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      Frequently Asked Questions About Celiac Disease   09/30/2015

      This Celiac.com FAQ on celiac disease will guide you to all of the basic information you will need to know about the disease, its diagnosis, testing methods, a gluten-free diet, etc.   Subscribe to FREE Celiac.com email alerts What are the major symptoms of celiac disease? Celiac Disease Symptoms What testing is available for celiac disease? - list blood tests, endo with biopsy, genetic test and enterolab (not diagnostic) Celiac Disease Screening Interpretation of Celiac Disease Blood Test Results Can I be tested even though I am eating gluten free? How long must gluten be taken for the serological tests to be meaningful? The Gluten-Free Diet 101 - A Beginner's Guide to Going Gluten-Free Is celiac inherited? Should my children be tested? Ten Facts About Celiac Disease Genetic Testing Is there a link between celiac and other autoimmune diseases? Celiac Disease Research: Associated Diseases and Disorders Is there a list of gluten foods to avoid? Unsafe Gluten-Free Food List (Unsafe Ingredients) Is there a list of gluten free foods? Safe Gluten-Free Food List (Safe Ingredients) Gluten-Free Alcoholic Beverages Distilled Spirits (Grain Alcohols) and Vinegar: Are they Gluten-Free? Where does gluten hide? Additional Things to Beware of to Maintain a 100% Gluten-Free Diet Free recipes: Gluten-Free Recipes Where can I buy gluten-free stuff? Support this site by shopping at The Celiac.com Store.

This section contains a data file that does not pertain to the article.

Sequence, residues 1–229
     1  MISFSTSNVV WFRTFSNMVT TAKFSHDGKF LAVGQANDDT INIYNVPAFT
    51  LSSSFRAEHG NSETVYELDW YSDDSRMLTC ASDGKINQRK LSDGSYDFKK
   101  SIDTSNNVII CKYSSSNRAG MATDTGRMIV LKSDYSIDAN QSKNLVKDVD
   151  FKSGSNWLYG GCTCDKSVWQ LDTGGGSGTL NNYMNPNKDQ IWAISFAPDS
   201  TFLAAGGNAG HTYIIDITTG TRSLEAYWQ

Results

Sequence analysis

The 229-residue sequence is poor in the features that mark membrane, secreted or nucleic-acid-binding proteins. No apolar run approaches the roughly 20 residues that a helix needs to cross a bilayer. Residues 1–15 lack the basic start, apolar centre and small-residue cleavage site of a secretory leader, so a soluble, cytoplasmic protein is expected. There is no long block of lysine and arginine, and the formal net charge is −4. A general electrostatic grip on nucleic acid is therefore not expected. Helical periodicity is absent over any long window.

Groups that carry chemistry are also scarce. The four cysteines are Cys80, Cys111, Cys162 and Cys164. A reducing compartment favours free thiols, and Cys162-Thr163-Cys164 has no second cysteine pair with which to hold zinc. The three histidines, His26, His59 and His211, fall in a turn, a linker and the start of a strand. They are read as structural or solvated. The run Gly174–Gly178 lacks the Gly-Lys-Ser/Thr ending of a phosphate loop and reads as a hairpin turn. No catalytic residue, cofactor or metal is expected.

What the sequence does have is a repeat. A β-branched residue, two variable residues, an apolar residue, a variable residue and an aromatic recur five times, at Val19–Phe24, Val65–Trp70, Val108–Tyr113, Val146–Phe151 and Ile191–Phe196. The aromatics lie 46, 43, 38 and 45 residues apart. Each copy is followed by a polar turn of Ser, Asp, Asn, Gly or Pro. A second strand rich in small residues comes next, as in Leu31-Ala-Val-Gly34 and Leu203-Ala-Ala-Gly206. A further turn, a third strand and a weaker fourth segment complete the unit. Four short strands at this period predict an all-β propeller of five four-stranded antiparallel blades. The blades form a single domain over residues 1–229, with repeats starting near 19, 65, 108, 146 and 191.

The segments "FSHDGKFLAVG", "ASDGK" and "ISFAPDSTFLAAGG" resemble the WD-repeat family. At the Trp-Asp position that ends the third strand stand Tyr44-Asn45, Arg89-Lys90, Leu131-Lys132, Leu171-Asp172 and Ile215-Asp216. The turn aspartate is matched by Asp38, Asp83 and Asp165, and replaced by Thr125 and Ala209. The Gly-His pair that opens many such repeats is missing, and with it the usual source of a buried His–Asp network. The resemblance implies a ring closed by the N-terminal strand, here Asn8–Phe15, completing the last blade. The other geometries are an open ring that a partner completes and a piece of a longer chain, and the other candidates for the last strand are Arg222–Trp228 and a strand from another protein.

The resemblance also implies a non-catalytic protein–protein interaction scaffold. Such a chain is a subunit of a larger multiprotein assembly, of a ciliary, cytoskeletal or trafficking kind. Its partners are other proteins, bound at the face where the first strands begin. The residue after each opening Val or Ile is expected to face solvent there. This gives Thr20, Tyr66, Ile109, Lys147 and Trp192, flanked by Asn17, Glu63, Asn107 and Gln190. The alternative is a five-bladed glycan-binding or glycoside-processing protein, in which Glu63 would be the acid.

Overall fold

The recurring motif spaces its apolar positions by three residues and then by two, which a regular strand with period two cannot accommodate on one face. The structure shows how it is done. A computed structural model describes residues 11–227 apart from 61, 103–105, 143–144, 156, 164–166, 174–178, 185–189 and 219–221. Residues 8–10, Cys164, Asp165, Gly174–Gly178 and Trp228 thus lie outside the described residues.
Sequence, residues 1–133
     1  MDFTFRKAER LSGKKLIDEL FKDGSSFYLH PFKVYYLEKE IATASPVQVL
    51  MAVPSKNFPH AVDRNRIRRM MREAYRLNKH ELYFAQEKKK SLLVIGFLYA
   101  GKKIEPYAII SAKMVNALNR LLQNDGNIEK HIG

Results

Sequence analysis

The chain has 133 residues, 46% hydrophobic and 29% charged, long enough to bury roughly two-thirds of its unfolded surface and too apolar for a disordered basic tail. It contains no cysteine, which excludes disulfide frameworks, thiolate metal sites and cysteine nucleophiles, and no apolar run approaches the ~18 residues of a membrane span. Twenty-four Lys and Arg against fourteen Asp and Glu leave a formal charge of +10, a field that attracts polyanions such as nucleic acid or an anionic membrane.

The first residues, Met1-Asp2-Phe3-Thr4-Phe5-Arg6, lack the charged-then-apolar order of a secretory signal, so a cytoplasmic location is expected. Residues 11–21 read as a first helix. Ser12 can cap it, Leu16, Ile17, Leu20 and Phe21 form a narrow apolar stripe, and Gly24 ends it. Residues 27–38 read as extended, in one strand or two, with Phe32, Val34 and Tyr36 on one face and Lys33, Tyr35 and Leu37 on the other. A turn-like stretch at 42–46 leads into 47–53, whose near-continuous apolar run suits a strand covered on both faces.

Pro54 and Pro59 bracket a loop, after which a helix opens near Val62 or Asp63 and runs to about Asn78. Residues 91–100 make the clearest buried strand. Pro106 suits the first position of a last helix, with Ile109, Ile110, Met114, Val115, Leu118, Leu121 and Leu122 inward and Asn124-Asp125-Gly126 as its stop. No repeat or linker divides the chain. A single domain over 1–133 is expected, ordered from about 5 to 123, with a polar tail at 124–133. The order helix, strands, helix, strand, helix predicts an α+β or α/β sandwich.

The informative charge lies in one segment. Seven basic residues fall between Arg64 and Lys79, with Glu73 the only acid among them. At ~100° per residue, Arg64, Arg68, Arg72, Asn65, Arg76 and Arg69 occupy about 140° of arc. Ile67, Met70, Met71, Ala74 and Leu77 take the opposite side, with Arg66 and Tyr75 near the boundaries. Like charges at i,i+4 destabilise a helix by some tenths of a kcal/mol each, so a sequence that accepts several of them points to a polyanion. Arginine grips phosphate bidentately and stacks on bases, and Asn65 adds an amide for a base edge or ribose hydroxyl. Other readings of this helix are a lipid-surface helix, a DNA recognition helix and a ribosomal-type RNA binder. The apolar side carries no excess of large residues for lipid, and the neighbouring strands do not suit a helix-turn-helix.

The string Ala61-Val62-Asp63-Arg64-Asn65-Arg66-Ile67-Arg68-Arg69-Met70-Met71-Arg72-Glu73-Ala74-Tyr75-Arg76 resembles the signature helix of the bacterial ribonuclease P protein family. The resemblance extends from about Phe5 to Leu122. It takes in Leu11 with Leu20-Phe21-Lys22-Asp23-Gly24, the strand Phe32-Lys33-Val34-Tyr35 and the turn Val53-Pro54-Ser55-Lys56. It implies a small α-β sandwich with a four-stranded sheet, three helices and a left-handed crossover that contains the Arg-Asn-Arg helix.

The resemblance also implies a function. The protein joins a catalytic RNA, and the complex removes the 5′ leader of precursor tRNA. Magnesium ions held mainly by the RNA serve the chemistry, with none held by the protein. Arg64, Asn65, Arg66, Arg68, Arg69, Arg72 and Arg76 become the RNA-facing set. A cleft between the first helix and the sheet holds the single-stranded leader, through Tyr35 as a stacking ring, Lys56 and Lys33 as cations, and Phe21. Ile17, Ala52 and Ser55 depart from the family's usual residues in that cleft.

Help With Toddler Symptoms?!
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Hi, Everyone.

I'm new to the group but not to the exciting world of food allergies and intolerance, unfortunately. My two year old son can claim quite a collection of food allergies and intolerances. His food issues were so extensive that he literally stopped eating solid food by 11 months old, refusing anything but formula. It's taken us over a year to get back on track.